Jerusalem, al-Quds in Arabic, is one of the most contested places on earth. The city and its significance to the three Abrahamic faiths cannot be emphasized enough. Sometimes, however, in the midst of the political battles around the Palestinian/Israeli conflict, the importance of the sacred city within Islam is lost. Many people assume that only Mecca and Medina are sacred to Muslims, without realizing that they consider Jerusalem the third holiest of places. I decided to address this issue based on the news of Palestinian families being evicted in East Jerusalem. While the political element is extremely necessary to assessing the situation, I feel that there is always an assumption that Jerusalem is just a political symbol for Muslims, when in fact it is much more than that. Continue reading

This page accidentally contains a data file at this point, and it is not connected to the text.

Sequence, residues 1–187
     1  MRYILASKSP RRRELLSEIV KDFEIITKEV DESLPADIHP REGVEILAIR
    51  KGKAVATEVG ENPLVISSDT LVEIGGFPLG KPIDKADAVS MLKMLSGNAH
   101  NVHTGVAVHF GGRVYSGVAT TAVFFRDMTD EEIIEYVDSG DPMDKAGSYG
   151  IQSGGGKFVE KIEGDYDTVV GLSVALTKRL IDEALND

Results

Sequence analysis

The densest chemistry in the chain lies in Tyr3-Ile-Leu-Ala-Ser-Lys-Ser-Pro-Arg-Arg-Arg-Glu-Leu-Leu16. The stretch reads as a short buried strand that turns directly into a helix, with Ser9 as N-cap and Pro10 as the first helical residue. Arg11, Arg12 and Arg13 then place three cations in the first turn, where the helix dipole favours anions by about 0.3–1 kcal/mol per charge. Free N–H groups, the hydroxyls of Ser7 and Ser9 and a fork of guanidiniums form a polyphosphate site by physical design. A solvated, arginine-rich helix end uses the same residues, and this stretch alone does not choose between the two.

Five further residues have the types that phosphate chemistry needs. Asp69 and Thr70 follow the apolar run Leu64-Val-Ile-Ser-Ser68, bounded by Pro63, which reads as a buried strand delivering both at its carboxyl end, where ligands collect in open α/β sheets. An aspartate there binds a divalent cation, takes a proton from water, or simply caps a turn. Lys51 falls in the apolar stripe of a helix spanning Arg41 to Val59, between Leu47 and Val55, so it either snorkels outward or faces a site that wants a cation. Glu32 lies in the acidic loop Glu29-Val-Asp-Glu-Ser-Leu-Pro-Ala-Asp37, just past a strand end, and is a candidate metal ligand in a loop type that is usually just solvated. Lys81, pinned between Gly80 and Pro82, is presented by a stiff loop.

What’s your image of Muslim women—repressed, oppressed, submissive? Not according to a new collection of stories about love, relationships and dating, written by Muslim-American women. Ayesha Mattu and Nura Maznavi, co-editors of Love, InshAllah, join us to talk about the secret love lives of Muslim-American women.
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This series of digital lectures provides an overview of Islam in the Russian Federation, the Caucasus, and Central Asia. In this series, prominent scholars of history, sociology, religious studies, and literature discuss themes such as the history of Islam in the region, how religious belief and practice survived seven decades of state-sponsored atheism during the Soviet period, and the reemergence of Islamic practice, culture, and scholarship today in Russia, the Caucasus, and Central Asia. The lectures were originally recorded in June 2008 during a three-day a workshop for middle- and high school teachers, sponsored by the Center for Russia, East Europe, and Central Asia (CREECA) at the University of Wisconsin-Madison. Continue reading